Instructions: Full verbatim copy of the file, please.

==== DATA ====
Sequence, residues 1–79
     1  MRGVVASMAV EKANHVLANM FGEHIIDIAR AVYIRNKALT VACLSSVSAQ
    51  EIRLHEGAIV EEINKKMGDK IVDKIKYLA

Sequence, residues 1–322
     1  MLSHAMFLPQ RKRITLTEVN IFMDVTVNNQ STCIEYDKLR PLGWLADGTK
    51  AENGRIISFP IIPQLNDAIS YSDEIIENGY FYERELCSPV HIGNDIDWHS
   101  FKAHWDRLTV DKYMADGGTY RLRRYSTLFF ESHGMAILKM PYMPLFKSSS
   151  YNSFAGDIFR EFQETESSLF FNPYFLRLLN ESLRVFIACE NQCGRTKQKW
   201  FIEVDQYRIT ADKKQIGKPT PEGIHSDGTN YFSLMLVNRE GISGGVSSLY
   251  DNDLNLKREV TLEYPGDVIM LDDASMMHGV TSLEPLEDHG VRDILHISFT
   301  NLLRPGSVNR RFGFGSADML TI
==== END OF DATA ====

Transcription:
Sequence, residues 1–79
     1  MRGVVASMAV EKANHVLANM FGEHIIDIAR AVYIRNKALT VACLSSVSAQ
    51  EIRLHEGAIV EEINKKMGDK IVDKIKYLA

Sequence, residues 1–322
     1  MLSHAMFLPQ RKRITLTEVN IFMDVTVNNQ STCIEYDKLR PLGWLADGTK
    51  AENGRIISFP IIPQLNDAIS YSDEIIENGY FYERELCSPV HIGNDIDWHS
   101  FKAHWDRLTV DKYMADGGTY RLRRYSTLFF ESHGMAILKM PYMPLFKSSS
   151  YNSFAGDIFR EFQETESSLF FNPYFLRLLN ESLRVFIACE NQCGRTKQKW
   201  FIEVDQYRIT ADKKQIGKPT PEGIHSDGTN YFSLMLVNRE GISGGVSSLY
   251  DNDLNLKREV TLEYPGDVIM LDDASMMHGV TSLEPLEDHG VRDILHISFT
   301  NLLRPGSVNR RFGFGSADML TI